EasySMX Gamepad: hardware review

With the PS4 well and truly settled in, the PS3 is living on borrowed time. An official controller still costs about thirty quid though, and you’ll be paying about the same for a PC-compatible Xbox controller. The EasySMX Gamepad claims to do the job for both formats, as well as mobile devices. But does it? And if so, how well?

Firstly, and most importantly, I can report flawless connection to two of the three formats. My PS3 immediately and happily accepted the controller, all buttons working as they should. Although installation was predictably a slower process on my laptop, it connected with no hassle once the driver was installed, and apes functionality of Microsoft’s controller just as you’d hope. Unfortunately, I couldn’t get the gamepad to work correctly with any of the games I tried on my Kindle Fire 7. Mind you, the Kindle is a piece of crap when it comes to running anything more complicated than e mail, so that doesn’t mean a lot.

The pad itself is impressively well-constructed. Light yet solid, with buttons that are responsive and spring back with reassuring speed. The analogue sticks are comfortable to use, and feel just as reliable as the rest of the pad. Triggers have decent spring, though put up just a little more resistance than you may perhaps expect. On a related note, they don’t seem to offer true analogue, something to bear in mind if you want precision acceleration in racing games.

Directions on the d-pad may not register input if you give them only a light tap; this is, hopefully, something that should only be a problem while quickly scrolling through menus. In addition the sticks, while superior to those in many third-party controllers I’ve tried, reveal themselves to have deadzones that are just a fraction too dead (an issue mirrored in the DualShock 3, in my opinion) in certain situations. Specifically, when aiming ADS in shooters, I found that minute adjustment of my aim was noticeably less responsive than when playing on PS4 or Xbone. Whacking up the in-game stick sensitivity improves things, but it’s still a smidgen off what I’m used to.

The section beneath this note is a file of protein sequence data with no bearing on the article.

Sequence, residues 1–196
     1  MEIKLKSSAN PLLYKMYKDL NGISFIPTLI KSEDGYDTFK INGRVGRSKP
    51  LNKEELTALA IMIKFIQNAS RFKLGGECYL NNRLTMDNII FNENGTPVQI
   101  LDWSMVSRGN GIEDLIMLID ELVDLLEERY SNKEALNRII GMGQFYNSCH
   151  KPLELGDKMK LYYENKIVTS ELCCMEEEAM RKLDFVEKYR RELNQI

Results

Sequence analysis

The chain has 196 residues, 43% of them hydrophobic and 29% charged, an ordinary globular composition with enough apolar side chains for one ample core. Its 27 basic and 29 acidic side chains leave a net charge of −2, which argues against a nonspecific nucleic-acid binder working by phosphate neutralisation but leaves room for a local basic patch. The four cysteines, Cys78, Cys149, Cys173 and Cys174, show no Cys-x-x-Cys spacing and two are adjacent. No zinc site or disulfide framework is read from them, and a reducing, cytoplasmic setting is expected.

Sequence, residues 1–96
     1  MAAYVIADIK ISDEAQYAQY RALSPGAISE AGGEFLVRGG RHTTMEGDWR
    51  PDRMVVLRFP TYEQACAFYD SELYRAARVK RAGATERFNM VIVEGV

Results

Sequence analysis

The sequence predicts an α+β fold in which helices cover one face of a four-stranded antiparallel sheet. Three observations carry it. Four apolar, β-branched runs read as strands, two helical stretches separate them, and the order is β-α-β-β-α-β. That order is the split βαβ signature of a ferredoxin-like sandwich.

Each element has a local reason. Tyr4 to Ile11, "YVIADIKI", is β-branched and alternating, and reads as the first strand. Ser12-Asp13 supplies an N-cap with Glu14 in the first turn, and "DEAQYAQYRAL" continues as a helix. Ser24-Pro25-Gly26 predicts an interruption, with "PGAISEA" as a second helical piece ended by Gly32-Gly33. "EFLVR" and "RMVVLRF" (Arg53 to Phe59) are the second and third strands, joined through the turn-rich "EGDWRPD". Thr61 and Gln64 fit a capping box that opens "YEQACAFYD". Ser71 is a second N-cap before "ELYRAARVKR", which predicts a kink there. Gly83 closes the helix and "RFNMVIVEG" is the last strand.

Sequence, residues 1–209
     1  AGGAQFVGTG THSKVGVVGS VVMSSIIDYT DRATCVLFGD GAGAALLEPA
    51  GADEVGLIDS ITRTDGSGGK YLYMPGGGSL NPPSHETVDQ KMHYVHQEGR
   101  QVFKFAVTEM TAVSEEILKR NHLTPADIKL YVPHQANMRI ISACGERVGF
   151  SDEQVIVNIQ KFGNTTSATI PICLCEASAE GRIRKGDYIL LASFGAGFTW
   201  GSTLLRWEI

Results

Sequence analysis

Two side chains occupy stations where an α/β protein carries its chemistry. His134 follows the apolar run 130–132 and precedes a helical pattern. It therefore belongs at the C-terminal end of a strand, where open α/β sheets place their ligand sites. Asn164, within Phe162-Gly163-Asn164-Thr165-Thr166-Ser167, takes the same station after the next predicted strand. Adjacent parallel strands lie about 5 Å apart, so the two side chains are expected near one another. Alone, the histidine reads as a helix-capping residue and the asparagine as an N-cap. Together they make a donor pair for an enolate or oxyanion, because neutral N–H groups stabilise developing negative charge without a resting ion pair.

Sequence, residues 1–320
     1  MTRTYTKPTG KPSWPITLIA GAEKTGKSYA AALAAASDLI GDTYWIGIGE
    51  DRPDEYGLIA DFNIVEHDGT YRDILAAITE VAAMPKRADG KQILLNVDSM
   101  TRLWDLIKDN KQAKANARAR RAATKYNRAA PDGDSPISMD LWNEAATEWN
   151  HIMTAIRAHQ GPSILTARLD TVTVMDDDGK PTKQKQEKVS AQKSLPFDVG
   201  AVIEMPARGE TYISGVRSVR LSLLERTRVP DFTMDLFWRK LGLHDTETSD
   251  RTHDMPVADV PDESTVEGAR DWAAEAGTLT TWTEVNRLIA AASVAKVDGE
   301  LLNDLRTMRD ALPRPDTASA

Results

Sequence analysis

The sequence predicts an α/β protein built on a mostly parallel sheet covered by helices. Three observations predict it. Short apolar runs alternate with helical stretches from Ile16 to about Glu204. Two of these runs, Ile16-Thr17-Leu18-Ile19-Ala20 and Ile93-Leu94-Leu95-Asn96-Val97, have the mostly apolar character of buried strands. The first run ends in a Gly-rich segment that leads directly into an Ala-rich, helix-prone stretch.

It’s a wired controller, USB-C with a normal USB adapter. If you prefer wireless gaming, then this isn’t for you – but for the money (£13.99 at Amazon at time of writing, a recent slight price increase), what do you expect? It does include rumble functionality though, and not the mini-earthquake that many cheap controllers default to, either. Comfortable to use for extended periods and a decent vibration feature? Bonus.

This certainly isn’t a pro gamer’s pad. If you’re looking for a PS3 and/or PC controller for casual use, though – or an extra one for the kids – this is an excellent choice that should last you a very long time.

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Written by Luke K

Luke plays lots of videogames, now and again stopping to write about them. He’s the editor in chief at Critical Gamer, which fools him into thinking his life has some kind of value. Chances are, if you pick up a copy of the latest Official PlayStation Magazine or GamesMaster, you’ll find something he’s written in there.

Luke doesn’t have a short temper. If you suggest otherwise, he will punch you in the face.

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